Alex Gays studied the two-year LLB at The University of Law Bloomsbury. Determined to become a solicitor in London, he’s secured a training contract with Harbottle & Lewis in London. Before that starts, he’s having an adventure working as a paralegal in the Caribbean’s exotic Turks and Caicos Islands. Alex has taken a break from working in the sun to tell us about his studies, becoming a solicitor and sunsets.
I chose The University of Law after attending an open day at the Bloomsbury campus. It immediately felt right for me. I wanted a career in law, so taking a degree somewhere known for its commitment to the profession made sense.
The University of Law has excellent links to national and international law firms, and a fantastic employability service and pro-bono opportunities. By studying here, I was sure that I’d be getting my legal career off to a great start.
I chose to study the two year LLB so that I could finish my degree a year earlier than many other undergraduates. It was the structure of the course that really made me want to study at ULaw. It was all about law in practice; applying the law as if you were a trainee in a law firm. By the end of my course, I was sure that I wanted to become a solicitor.
These days, law firms need more from their lawyers than a knowledge of legal principles. On the LLB we learned commercial awareness and transferable skills such as negotiation and teamwork. I improved my collaboration skills, formed relationships and developed an appreciation of the issues facing the legal market.
I’d always wanted to work abroad so when I saw a position advertised at Griffiths & Partners, in the Turks and Caicos Islands (TCI), I went for it. I wasn’t even sure where the TCI were, but after an initial interview with the partners in London and learning more about the location and the role, I was thrilled to be offered a one-year paralegal contract. I was able to visit the islands before making my final decision. After meeting the rest of the legal team and the incredible support staff – as well as getting my first glimpse of the tropical climate and spectacular coral reefs – I took a leap and accepted the position.
The TCI are a British Overseas Territory and the legal system is similar to that in England and Wales. There are the lower courts, the High Court and then a visiting Court of Appeal. The highest appeal court is the Judicial Committee of the Privy Council, which sits in London. While the TCI share most of England’s common law principles and has replicated some of its statutes, its laws are still developing. This makes it an extremely interesting place to practice as many English laws haven't found their way across the Atlantic yet, so it becomes necessary to analyse different sources of law, including English statutes, Caribbean case law and TCI Ordinances. In addition, as lawyers practice as attorneys (rather than barristers or solicitors), you get to be involved both with the conduct of cases and court advocacy.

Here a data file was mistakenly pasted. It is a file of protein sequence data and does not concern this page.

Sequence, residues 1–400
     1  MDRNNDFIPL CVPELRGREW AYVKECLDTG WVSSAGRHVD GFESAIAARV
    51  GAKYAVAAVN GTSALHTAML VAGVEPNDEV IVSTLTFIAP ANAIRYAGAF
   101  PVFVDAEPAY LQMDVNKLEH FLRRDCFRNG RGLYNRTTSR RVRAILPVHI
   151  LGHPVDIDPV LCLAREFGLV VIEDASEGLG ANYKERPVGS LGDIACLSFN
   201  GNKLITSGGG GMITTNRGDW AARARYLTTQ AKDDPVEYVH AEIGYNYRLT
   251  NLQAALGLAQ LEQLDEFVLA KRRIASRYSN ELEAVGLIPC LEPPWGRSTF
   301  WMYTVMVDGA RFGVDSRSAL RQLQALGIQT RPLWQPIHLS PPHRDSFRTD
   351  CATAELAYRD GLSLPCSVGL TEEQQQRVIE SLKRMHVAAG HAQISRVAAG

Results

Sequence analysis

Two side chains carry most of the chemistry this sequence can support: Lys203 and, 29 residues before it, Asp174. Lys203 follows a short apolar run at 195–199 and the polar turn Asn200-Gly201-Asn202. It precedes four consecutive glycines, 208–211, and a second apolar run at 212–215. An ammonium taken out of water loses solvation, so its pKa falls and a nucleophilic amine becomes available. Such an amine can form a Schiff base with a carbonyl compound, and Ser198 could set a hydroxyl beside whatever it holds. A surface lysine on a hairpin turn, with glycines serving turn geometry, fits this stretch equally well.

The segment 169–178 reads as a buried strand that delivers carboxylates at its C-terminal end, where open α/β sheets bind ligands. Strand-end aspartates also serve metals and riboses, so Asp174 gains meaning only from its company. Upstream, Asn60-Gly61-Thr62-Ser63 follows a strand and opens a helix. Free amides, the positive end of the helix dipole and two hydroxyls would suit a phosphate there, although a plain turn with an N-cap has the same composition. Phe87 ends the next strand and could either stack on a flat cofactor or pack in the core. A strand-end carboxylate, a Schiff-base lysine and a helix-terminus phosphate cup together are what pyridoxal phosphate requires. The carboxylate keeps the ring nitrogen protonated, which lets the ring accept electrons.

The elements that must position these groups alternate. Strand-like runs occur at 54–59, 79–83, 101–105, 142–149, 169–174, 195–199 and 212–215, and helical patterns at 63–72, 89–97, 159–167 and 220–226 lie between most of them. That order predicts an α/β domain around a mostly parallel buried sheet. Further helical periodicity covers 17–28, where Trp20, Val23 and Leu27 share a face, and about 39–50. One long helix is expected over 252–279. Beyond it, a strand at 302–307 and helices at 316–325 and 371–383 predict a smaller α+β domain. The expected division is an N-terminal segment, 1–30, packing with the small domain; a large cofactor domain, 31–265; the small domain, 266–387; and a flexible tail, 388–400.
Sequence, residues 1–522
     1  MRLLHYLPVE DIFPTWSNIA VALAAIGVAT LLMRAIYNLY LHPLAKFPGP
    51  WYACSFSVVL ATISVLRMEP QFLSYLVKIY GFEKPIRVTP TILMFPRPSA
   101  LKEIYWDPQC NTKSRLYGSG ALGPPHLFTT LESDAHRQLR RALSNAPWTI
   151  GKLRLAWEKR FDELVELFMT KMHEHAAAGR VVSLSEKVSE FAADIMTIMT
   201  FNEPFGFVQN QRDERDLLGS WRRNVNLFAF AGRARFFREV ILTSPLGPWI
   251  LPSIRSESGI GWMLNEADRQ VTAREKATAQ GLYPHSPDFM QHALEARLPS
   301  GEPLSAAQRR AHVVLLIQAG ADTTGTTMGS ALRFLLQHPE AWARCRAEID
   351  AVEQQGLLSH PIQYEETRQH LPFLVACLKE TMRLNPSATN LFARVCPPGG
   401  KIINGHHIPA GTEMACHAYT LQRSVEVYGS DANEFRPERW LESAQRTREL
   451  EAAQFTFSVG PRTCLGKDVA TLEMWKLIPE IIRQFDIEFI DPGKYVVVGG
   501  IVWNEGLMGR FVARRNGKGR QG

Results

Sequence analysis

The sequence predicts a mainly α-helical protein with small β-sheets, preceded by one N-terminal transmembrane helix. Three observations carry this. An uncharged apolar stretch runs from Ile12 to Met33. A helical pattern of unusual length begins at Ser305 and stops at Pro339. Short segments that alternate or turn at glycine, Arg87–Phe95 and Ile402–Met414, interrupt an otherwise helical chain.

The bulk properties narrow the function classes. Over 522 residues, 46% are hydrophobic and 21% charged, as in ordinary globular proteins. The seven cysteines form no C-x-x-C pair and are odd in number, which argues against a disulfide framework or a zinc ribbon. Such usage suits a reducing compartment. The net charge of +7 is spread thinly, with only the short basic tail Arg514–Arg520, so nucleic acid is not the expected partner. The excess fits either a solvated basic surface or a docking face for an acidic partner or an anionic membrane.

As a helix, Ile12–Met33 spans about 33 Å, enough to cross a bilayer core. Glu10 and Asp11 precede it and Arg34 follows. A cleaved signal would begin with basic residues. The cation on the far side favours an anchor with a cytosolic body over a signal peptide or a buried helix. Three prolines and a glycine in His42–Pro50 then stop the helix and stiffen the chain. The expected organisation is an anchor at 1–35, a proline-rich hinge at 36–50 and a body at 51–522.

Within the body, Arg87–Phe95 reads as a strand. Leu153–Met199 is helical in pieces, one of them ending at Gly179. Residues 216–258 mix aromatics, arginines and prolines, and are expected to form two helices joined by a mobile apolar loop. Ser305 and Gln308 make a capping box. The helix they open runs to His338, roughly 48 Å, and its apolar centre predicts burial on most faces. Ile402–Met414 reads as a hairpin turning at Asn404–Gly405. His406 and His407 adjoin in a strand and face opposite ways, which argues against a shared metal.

The best thing about working in the TCI is the people you meet, both in and out of work. Because of the size of the jurisdiction (which is increasingly an offshore centre for commercial litigation), I have been fortunate enough to work closely with attorneys, members of court and other government bodies. For example, I am often down at the main court house on Providenciales, which is less than two minutes from the office, liaising with court administrators or attending hearings before the Chief Justice. The small size of the TCI and its mix of islanders and international residents means that you get to work with a range of fascinating people. It’s so sociable and easygoing here. The snorkelling, scuba and kiteboarding opportunities are endless; there’s lots of golf and tennis to enjoy too – and of course you can take in striking sunsets on some of the most beautiful beaches in the world.
I’m looking forward to returning to London with the experience I’ve gained abroad. Working in a small, evolving jurisdiction requires you to be adept in a variety of areas. So far, I have worked on matters ranging from cross-border insolvency proceedings, to judicial review applications relating to the Islands’ plans for expansion and litigation arising from development on an exclusive satellite island. The real advantage, however, has been watching my supervising partners masterly strip back the legal issues and provide concise, practical and commercially-minded advice to their clients who are living, investing and working in the TCI.
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